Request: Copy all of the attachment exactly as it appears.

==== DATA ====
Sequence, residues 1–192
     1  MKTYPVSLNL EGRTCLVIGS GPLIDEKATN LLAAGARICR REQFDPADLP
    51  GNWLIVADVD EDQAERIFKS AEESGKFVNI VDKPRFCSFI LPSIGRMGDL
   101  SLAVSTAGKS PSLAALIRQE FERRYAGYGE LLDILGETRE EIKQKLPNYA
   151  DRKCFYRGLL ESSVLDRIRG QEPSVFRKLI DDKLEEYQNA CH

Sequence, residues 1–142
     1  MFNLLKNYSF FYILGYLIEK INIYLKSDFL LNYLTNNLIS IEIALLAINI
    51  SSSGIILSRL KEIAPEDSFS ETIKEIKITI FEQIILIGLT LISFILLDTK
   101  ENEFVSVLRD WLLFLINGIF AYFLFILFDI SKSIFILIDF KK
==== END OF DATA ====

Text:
Sequence, residues 1–192
     1  MKTYPVSLNL EGRTCLVIGS GPLIDEKATN LLAAGARICR REQFDPADLP
    51  GNWLIVADVD EDQAERIFKS AEESGKFVNI VDKPRFCSFI LPSIGRMGDL
   101  SLAVSTAGKS PSLAALIRQE FERRYAGYGE LLDILGETRE EIKQKLPNYA
   151  DRKCFYRGLL ESSVLDRIRG QEPSVFRKLI DDKLEEYQNA CH

Sequence, residues 1–142
     1  MFNLLKNYSF FYILGYLIEK INIYLKSDFL LNYLTNNLIS IEIALLAINI
    51  SSSGIILSRL KEIAPEDSFS ETIKEIKITI FEQIILIGLT LISFILLDTK
   101  ENEFVSVLRD WLLFLINGIF AYFLFILFDI SKSIFILIDF KK